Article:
Yosef Grednik, in contrast to Shmelke, was the wealthiest person in the area. He owned the mill, the distillery, and the pickle factory. There wasn't a person within a hundred-mile radius that didn't bake with Grednik's flour, drink Grednik's vodka, or eat Grednik's pickles. Yet, with all his money, Yosef Grednik was niggardly resentful about parting with a single kopeck, much less a ruble.
The workers in Yosef's pickle factory made a mistake, having added too much vinegar to a twenty-barrel batch of pickles. The pickles became so sour that the fumes from the brine could kill any fly that came too close to the barrel. Yosef knew that the pickles were inedible and unmarketable. He fumed – until he came up with a scheme to rid himself of the pickles and make some money at the same time.
He ordered his workers to dispose of the sour brine, wash off the pickles, and then put them in baskets. He then sold them as low-cost fodder for gullible Shmelke's three cows.
Shmelke was happy to buy such "high-grade" fodder for his cows at such a cheap price. The cows welcomed sour pickles as a palatable break from their normal repast of straw and hay. They ate the pickles with the same enthusiasm that they would eat fresh corn.
Within a day or two, people began to complain. "Shmelke, your milk is sour!" Shmelke couldn't understand; every day, he'd distribute the milk within hours of milking. There was nothing fresher in all of Transylvania. The customers wanted their money back. Shmelke refused. Finally, the plaintiffs demanded a hearing in the rabbi's study.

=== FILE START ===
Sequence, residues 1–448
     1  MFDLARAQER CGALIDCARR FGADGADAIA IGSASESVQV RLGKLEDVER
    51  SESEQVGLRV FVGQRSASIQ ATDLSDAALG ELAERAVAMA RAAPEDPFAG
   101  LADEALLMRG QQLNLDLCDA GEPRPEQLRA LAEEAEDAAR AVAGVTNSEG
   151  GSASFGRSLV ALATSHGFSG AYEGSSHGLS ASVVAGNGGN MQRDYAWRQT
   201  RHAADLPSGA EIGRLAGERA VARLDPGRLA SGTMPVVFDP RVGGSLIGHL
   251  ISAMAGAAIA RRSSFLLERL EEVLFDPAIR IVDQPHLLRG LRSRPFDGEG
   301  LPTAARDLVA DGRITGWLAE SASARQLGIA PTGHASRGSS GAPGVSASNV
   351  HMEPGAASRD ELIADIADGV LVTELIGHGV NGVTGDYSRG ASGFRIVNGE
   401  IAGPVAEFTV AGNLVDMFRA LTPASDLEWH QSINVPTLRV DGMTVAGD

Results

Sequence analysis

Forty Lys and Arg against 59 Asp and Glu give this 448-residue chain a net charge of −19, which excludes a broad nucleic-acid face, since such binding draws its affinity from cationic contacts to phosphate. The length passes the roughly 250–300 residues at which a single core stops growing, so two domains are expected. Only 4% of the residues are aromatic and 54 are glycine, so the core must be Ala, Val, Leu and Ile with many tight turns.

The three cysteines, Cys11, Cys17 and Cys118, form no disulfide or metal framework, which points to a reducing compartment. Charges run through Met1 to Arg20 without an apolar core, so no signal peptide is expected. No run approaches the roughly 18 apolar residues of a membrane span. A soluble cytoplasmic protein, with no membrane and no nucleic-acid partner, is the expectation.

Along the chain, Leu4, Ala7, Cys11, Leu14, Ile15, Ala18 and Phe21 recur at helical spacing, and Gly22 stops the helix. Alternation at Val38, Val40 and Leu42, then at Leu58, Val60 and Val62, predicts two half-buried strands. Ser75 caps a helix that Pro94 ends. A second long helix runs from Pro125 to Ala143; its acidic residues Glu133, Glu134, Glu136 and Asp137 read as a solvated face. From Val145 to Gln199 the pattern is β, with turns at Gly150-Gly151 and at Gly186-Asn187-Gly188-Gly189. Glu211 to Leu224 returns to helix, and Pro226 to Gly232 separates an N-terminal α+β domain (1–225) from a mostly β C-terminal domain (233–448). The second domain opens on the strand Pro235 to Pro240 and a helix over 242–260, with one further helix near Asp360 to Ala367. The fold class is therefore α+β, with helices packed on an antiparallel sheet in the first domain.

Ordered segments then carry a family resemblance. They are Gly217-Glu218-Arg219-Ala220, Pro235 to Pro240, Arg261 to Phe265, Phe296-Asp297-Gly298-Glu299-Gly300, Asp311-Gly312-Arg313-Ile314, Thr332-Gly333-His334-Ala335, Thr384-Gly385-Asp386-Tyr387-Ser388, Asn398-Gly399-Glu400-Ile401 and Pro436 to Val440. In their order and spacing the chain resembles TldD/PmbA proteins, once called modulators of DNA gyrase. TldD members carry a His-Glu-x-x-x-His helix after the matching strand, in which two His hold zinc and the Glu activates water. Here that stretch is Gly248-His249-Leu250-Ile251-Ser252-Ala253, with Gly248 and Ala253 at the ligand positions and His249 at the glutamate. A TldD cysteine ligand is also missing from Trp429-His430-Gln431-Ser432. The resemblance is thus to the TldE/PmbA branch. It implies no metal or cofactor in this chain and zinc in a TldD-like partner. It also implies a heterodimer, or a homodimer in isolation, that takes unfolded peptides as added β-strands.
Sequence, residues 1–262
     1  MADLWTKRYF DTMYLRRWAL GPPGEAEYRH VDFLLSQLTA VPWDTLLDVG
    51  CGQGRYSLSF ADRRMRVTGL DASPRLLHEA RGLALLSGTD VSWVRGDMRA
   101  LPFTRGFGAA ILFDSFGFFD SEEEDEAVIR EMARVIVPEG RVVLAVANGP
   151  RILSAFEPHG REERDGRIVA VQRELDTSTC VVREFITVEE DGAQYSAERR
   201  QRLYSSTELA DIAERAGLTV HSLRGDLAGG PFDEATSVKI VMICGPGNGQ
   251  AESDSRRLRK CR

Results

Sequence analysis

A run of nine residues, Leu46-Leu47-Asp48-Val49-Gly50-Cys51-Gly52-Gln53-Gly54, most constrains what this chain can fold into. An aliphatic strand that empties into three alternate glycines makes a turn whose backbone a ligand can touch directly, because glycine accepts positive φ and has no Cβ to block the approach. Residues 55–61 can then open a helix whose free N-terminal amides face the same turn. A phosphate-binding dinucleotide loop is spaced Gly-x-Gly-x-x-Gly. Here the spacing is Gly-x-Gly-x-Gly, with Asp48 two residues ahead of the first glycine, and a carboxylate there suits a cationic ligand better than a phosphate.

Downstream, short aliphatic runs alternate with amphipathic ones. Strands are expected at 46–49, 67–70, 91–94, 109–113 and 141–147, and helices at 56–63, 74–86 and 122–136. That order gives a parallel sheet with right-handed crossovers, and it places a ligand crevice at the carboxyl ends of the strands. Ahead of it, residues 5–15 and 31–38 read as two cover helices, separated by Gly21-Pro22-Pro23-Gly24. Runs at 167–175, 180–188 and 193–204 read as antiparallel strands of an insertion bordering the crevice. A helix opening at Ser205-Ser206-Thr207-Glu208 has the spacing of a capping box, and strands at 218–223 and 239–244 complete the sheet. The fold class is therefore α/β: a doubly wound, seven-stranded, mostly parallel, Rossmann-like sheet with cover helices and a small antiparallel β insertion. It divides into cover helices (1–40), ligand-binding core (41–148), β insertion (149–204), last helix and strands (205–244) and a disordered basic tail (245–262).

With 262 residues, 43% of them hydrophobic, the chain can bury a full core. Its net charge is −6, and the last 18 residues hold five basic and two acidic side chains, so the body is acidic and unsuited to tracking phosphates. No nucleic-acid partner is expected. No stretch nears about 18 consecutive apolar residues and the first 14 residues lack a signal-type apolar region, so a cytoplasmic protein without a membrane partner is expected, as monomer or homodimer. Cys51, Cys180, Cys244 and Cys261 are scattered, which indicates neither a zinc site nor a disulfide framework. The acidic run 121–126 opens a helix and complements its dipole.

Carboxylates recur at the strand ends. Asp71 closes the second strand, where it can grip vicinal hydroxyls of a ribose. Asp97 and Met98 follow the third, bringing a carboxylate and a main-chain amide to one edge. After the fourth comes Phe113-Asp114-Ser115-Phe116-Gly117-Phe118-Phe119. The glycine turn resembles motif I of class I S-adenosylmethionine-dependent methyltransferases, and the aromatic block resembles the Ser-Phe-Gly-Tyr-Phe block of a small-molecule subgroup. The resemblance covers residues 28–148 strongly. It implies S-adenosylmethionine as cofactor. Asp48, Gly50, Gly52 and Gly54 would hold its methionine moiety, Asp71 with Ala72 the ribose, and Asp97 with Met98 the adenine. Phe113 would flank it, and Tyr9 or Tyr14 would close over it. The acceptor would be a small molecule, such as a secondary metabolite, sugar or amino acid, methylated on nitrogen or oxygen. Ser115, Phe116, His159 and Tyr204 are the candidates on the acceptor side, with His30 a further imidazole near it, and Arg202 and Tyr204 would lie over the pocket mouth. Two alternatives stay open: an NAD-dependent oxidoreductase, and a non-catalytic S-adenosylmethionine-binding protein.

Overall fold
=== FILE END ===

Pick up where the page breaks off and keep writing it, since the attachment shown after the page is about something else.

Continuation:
The wise elderly sage heard both sides. He directed his first question at Shmelke: "Have you fed the cows anything different lately?" he asked. Shmelke nodded in the affirmative, and told the rabbi about the "cucumbers" he bought from Yosef Grednik. The rabbi didn't need to hear any more. He knew that Shmelke was the innocent victim of Grednik's greed and treachery. He explained to the simple milkman how sour fodder leads to sour milk. Then, he summoned Yosef Grednik and demanded that the latter reimburse poor Shmelke and his customers. Yet, nobody reimbursed the poor cows for their stomach ache, which lasted for another week!
* * *
Unsuspecting Shmelke is symbolic of the Jew; Shmelke's three cows represent nefesh, ruach, and neshoma, the three parts of the Jewish soul. Sour pickles are the agnostic media and the foreign ideologies that ruin the "produce" of a Jew, his emuna, Torah, and mitzvot, which the milk symbolizes. Grednik is the evil inclination that tries to "sour" a Jew, and to reduce him or her from the lofty levels of pure and simple faith – spiritually above the stars - to the depths of agnosticism.
Since the beginning of time, the Greeks, Hellenists, and enemies of emuna have been the overwhelming majority. Chanuka is the celebration that the pure oil with the seal of the High Priest – a national symbol of pure Torah ideology – is never fully contaminated by our enemies. Even though the faithful to the Torah are the few, they nonetheless weather the trials of the generations and the persecutions of the masses, by having implemented the "secret of survival" - the strengthening of emuna - as Rebbe Nachman has revealed to us.  Rebbe Nachman promised that these precious few will be the ones privileged to merit the greeting of Moshiach in a rebuilt Jerusalem, speedily and in our time. Amen.